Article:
The Angel of Nothing was shuffling the tattered Black Tarot deck.

He and Doctor Storm had imagined the Black Tarot, they had researched its science, its magic and mechanics, they created it in all but form. The theory by itself had been enough to show them the cracks between perception and creation; the doorway beyond reality. And that was when they had stepped outside of the real world and come here, to the City.

The Black Tarot was a stacked deck. Where a normal tarot could show hints and shades of what was to come, what the Black Tarot showed actually determined the future. Normal tarot sifted through options and pathways, choices; the Black Tarot solidified all the possible futures into one. With practice and dexterity the dealer could determine the spread, and so dictate the future.

The Angel of Nothing had practiced. The Angel of Nothing was a master. The future was his.

The inhabitants of the City, once so full of vibrancy and revelation, had been shackled. In the real world their counterparts found themselves uninspired and suddenly, unaccountably dull.

Doctor Storm was determined to change all that. He had put his fate in the hands of chaos, in the one thing the Black Tarot had no control over, he let the weather determine his path. Weather was capricious and mercurial, its vast momentum too great for the Black Tarot to affect, and so he became invisible, untouchable.

The City spoke to Doctor Storm, it warned him and kept him hidden; it revealed its hidden tracks to him. And now there was a new idea loose on the streets, new thought, new possibility. The Doctor was determined to find it and bind it to the cause. One day there would be an idea that could bring the Angel down, one day there would be revolution, and on that day freedom of thought would reign again.

The rooftops were slick with rainwater but the Doctor’s footing was sure and the winds howled around him as he ran. He leapt across an alley and lightning thrashed the air, striking the library spire; the air shook with magnificent thunder. He turned towards the library, his heading now revealed.

In his peripheral vision the Doctor saw several shapes leave the Tower of Inspiration. He knew what they were, steel traps with wings of water-proof paper. On the paper were scrawled ideas, of flight and tracking and relentlessness. He had encountered their cunning before.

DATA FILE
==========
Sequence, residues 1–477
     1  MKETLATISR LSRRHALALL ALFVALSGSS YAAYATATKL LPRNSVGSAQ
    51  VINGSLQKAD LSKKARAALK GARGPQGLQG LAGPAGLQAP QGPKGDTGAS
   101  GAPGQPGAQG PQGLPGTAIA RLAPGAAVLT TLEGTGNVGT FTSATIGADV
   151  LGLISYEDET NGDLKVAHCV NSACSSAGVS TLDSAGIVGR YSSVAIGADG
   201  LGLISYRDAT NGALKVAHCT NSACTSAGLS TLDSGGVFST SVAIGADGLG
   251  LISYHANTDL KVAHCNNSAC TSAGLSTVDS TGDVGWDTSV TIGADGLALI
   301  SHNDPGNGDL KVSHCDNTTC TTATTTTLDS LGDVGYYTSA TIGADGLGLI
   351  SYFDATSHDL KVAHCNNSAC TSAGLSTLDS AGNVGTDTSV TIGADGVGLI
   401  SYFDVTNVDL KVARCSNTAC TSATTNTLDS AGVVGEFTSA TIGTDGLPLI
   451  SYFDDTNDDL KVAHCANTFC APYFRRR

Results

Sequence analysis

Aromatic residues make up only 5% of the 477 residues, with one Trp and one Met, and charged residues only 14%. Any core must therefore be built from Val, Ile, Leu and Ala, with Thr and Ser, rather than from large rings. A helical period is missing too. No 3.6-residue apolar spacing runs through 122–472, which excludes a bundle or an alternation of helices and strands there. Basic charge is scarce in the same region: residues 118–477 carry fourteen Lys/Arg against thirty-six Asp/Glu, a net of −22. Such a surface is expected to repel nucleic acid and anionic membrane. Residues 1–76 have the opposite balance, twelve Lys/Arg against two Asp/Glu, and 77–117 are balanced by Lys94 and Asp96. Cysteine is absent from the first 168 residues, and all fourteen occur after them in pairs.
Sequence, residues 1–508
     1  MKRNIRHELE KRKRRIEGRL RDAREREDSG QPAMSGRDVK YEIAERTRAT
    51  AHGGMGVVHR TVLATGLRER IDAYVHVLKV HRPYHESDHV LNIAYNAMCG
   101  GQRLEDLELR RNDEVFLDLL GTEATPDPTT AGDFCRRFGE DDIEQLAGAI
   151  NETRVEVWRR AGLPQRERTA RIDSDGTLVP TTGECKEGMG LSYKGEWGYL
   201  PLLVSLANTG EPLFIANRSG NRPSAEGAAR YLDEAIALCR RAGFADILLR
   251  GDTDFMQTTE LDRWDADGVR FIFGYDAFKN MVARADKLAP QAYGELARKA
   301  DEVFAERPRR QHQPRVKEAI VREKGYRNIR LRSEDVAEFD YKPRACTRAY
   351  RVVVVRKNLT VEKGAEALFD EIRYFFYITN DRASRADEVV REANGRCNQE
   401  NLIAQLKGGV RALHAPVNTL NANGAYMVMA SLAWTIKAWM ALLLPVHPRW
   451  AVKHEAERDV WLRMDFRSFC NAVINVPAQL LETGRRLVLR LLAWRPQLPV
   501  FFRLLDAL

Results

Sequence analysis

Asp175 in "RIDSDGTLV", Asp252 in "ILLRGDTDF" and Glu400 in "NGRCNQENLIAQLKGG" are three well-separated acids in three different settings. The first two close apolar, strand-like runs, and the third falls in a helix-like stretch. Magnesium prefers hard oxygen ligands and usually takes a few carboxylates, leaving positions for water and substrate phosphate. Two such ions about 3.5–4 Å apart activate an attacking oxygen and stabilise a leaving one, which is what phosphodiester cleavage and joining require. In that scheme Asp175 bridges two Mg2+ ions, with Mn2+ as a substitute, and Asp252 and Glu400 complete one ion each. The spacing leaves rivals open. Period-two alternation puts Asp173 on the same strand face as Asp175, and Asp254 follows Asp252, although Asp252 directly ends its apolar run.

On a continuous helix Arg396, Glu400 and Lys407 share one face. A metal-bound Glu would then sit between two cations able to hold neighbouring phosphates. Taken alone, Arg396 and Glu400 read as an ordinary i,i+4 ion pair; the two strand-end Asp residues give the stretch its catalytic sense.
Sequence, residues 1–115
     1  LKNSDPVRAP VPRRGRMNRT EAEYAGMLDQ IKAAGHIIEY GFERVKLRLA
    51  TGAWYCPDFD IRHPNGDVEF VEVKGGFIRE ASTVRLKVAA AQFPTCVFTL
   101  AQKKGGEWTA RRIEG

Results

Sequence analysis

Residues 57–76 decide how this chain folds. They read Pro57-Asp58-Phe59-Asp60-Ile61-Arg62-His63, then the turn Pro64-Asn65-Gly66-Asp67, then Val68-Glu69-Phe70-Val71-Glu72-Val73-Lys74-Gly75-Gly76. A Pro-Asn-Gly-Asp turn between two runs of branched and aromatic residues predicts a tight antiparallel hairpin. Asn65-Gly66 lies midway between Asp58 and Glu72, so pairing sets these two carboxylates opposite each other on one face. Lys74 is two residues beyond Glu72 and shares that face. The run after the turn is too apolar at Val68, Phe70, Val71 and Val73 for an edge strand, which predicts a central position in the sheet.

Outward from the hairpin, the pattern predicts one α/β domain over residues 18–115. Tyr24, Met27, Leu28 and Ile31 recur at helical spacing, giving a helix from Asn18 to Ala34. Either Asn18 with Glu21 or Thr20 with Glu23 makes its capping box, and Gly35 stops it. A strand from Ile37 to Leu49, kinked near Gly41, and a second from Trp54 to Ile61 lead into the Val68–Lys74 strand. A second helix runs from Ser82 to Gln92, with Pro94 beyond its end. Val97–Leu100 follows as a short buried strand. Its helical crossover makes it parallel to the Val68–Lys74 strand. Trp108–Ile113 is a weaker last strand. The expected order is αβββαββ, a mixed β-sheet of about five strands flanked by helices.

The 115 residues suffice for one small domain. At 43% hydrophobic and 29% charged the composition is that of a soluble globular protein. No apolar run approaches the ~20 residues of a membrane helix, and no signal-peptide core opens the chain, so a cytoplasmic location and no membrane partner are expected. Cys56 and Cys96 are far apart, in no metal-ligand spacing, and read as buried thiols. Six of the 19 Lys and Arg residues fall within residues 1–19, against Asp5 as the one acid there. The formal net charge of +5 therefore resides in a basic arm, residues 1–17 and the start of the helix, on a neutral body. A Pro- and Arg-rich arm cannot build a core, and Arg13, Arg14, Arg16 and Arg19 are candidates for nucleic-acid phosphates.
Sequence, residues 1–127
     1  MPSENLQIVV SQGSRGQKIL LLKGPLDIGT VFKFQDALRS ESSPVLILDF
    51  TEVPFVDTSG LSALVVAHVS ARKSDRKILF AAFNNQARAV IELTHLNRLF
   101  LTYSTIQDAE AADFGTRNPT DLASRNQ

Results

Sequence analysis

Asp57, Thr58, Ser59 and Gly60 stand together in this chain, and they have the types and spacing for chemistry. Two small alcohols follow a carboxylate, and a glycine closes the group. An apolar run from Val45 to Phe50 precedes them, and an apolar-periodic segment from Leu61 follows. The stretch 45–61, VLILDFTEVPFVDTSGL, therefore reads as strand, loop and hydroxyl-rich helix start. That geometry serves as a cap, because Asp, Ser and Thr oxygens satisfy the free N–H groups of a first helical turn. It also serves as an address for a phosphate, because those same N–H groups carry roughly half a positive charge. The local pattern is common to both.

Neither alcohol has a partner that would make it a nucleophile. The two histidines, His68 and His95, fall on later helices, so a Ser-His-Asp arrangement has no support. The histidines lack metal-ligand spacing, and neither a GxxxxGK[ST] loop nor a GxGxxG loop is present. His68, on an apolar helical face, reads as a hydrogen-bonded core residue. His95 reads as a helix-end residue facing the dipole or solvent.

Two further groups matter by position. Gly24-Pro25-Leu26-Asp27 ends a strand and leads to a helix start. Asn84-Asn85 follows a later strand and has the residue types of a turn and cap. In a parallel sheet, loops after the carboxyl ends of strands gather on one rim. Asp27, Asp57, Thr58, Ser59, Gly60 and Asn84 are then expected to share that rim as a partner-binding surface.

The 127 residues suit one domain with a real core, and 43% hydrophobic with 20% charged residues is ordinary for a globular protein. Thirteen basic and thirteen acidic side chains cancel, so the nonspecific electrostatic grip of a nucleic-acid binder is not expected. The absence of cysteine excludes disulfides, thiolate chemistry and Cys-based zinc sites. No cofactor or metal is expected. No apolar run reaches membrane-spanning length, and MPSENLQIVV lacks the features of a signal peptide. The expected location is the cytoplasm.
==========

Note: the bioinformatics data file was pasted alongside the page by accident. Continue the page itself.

Doctor Storm’s grin was dark and feral. The hunt was on.

Sunday, 12 June 2011

Gunship Afterlife

Muted thunder terrorises the city. Somewhere along the line the gunships forgot the distinction between ‘infected’ and ‘survivor’. They thrash the air with carbon-grey blades, savagely keeping themselves aloft, scouring the streets for movement, scouring them clean of life, and unlife.

The curfew is permanent now; the punishment hard, hot and fatal. We scurry from safehole to safehole, field mice afraid of the hawk’s shadow. Great black hawks that glide between the tower-block corn stalks like death’s own birds of prey.

They are the dominant life form now. Top predator.

I am always the first out of cover, and the last back in. I am not a mother or a child, I am not an engineer or a hunter, I am the leader. My people are the future, I just have to get them there.

I listen, I look at my boy, Martin, he is listening too. He has better ears than I do. I nod at him, he nods back and I slowly step through the shattered glass front of the foyer into the street. I cautiously look to the sides, to the street and the sky. Nothing, yet.

I walk to the middle of the street and look around. Still listening. Nothing but a low wind stirring the grey dust.

I catch Martin’s eye. He sends Brad, Carson, Jimmy over: the army boys. We’re lucky we ever ran into them. I join them on the other side and we pair off to check the building out. The odd floors for me and Carson, even for the other two.

To be honest, the zees never pose much of a threat, they are slow and uncoordinated, but they have an eternal patience. It must have been a decade since the bombs, and you’ll still find one just sat in his chair, doing nothing but waiting. We found a whole family just sat around the dining table once, food untouched. It’s more normal to just find the one zee, and a bunch of gnawed corpses.

They were worse at first, but I guess as the food ran out they slowed down. Something keeps them ticking over though, the mould, maybe. That rust-like growth around their lips, eyes and ears. It spreads inside them too, some symptom; non-contagious, thank god. I got a lung-full once when I hacked a zee’s head off with a fire axe. Only the bitten get infected now. Maybe whoever dropped the bombs got something wrong. I guess somewhere in the world people might even be rebuilding, somewhere in the world they didn’t set those damn gunships in the sky.